ABC is heading to the internet in search of breakthrough talent with the launch of Make Me A Star.

Initiative marks the first time a major TV net has offered a digital talent competition that exclusively targets aspiring actors and comedians. Instead of relying on already represented thesps in major metropolitan areas for the cast of scripted programs, Alphabet is broadening its talent pool by offering a platform for unknowns in any city to virtually showcase their skills.

Keli Lee, exec veep of casting at ABC, told Variety that Make Me A Star was conceived after one particular video went ultra-viral online.

"My team and I are constantly in pursuit of talent," Lee said. "When Psy blew up, my executive heard about it on KCRW and sent me a clip of this guy -- at the time, it was at around 33,000 views. I sent it to hundreds of my friends, and now it's at a billion-plus views. In that moment, I thought, 'Here's a guy from South Korea who made it globally...How do I get people from around the world to come to us?'"

Make Me A Star kicked off at the beginning of this month and offers both a public and private competition.

In the public competition, ABC reviews vids posted on the Make Me A Star website and ABC Casting Facebook page for the public to vote on. Winner nabs a 6-month $10,000 talent option agreement with the net. In the private competition, ABC narrows down the finalists to a winner in-house. That winner receives a one-year $25,000 talent holding deal with the Alphabet.

Contestants in both competitions must be 18 or older to enter, though Lee notes she's currently working on launching a digital casting site for tykes, as well. The competitions are accepting submissions through July 12.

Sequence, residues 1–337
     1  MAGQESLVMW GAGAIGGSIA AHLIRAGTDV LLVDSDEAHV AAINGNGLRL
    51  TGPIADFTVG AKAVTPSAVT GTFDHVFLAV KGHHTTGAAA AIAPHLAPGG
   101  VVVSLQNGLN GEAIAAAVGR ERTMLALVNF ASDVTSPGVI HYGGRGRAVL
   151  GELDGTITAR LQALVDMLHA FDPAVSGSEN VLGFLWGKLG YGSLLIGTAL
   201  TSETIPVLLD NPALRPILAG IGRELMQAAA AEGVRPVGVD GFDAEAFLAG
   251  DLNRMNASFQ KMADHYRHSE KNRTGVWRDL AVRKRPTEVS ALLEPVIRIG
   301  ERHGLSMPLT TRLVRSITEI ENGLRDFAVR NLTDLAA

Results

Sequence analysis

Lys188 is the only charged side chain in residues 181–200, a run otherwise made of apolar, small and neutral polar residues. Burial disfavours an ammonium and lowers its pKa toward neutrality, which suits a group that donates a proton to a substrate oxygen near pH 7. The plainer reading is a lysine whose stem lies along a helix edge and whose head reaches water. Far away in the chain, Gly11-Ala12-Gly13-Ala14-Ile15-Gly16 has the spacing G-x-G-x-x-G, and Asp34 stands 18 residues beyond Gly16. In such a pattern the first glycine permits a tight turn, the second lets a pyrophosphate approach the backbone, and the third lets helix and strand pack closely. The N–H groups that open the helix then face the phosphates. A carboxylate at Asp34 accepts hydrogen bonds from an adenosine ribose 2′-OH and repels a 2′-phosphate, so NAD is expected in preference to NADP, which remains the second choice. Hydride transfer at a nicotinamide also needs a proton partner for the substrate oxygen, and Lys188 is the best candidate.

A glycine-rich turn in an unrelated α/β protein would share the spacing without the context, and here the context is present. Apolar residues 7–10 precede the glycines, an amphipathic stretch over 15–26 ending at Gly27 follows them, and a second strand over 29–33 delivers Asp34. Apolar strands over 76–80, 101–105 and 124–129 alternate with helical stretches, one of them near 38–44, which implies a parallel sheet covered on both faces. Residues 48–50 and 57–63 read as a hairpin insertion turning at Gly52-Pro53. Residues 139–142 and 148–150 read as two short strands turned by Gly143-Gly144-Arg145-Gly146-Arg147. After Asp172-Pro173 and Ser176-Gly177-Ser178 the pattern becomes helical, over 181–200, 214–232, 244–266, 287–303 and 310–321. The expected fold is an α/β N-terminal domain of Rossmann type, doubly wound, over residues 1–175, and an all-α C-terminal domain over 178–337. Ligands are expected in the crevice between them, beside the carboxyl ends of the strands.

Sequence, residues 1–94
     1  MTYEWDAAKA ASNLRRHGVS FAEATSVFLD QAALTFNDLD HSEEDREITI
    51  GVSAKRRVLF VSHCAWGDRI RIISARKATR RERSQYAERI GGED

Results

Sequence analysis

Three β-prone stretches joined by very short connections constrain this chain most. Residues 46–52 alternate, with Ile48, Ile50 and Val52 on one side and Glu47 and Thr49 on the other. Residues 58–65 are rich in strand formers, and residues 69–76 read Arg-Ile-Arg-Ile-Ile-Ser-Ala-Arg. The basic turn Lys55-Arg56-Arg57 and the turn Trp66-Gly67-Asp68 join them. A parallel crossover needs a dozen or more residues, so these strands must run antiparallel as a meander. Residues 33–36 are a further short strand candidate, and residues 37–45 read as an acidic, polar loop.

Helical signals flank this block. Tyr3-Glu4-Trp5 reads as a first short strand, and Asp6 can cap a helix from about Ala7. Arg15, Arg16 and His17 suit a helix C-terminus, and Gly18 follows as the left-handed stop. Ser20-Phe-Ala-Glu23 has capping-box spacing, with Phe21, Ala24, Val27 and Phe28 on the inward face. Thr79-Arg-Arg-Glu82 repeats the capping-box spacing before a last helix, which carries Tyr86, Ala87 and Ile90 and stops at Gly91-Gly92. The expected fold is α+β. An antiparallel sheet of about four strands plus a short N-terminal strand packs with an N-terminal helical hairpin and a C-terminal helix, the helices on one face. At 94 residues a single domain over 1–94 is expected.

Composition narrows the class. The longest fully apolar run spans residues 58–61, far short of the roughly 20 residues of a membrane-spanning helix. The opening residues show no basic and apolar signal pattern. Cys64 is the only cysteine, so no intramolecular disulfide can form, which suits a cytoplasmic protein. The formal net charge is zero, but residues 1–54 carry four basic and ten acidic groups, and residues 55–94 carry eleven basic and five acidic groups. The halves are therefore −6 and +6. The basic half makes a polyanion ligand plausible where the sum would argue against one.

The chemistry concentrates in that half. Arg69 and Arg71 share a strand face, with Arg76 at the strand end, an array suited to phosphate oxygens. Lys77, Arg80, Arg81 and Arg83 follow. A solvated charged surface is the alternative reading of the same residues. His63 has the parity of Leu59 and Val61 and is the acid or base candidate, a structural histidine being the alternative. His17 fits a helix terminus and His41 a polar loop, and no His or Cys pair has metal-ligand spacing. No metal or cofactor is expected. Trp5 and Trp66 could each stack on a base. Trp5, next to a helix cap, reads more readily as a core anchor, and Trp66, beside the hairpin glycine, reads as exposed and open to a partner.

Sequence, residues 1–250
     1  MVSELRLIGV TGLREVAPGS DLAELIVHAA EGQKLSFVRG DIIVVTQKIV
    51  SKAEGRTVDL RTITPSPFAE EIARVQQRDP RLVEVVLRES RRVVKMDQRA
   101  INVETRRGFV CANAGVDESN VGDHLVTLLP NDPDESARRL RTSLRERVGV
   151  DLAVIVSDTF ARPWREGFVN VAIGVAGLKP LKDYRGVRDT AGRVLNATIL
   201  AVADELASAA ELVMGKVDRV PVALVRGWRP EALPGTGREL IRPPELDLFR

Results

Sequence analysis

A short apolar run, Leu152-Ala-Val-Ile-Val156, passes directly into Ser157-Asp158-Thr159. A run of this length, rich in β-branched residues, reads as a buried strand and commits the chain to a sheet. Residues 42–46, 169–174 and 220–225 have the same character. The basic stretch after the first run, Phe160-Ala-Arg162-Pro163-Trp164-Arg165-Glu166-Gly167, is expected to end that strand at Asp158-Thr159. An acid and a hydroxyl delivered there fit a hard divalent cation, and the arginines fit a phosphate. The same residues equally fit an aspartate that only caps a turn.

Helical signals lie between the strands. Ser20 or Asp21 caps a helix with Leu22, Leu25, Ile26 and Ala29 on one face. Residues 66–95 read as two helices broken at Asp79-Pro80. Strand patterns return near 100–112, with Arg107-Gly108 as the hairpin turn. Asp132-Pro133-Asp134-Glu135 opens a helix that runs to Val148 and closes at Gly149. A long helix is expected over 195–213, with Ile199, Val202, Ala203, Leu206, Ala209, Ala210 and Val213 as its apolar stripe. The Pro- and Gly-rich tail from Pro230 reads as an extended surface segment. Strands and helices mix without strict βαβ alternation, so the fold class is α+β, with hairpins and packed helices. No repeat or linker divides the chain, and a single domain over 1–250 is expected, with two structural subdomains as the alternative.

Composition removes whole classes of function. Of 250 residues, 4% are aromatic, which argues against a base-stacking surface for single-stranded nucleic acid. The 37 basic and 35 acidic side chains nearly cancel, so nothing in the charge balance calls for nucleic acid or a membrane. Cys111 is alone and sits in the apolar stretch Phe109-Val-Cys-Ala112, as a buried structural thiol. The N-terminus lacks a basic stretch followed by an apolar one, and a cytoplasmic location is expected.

Make Me A Star joins ABC's other casting initiatives, including a Gotham and LA talent showcase that has led to castings such as Jesse Williams in "Grey's Anatomy," Dania Ramirez in "Devious Maids," Liza Lapira in "Super Fun Night" and Jorge Garcia in "Lost."

While heading to the digital waters in search of undiscovered talent is becoming increasingly common in showbiz, ABC's casting site arises against a backdrop of fall skeins that boast big name talent, with thesps like Andy Samberg, Robin Williams, Michael J. Fox and Rebel Wilson toplining new programs.

Where do fresh faces fit in in this mix?

"My view on talent," Lee said succintly, "is that we need to have a diverse portfolio of actors: we need big stars, we need to reinvent stars, and most of all we need a pipeline of new talent coming into ABC."

Visit http://www.abcmakemeastar.com or http://facebook.com/abcegcasting for more info on the Make Me A Star initiative.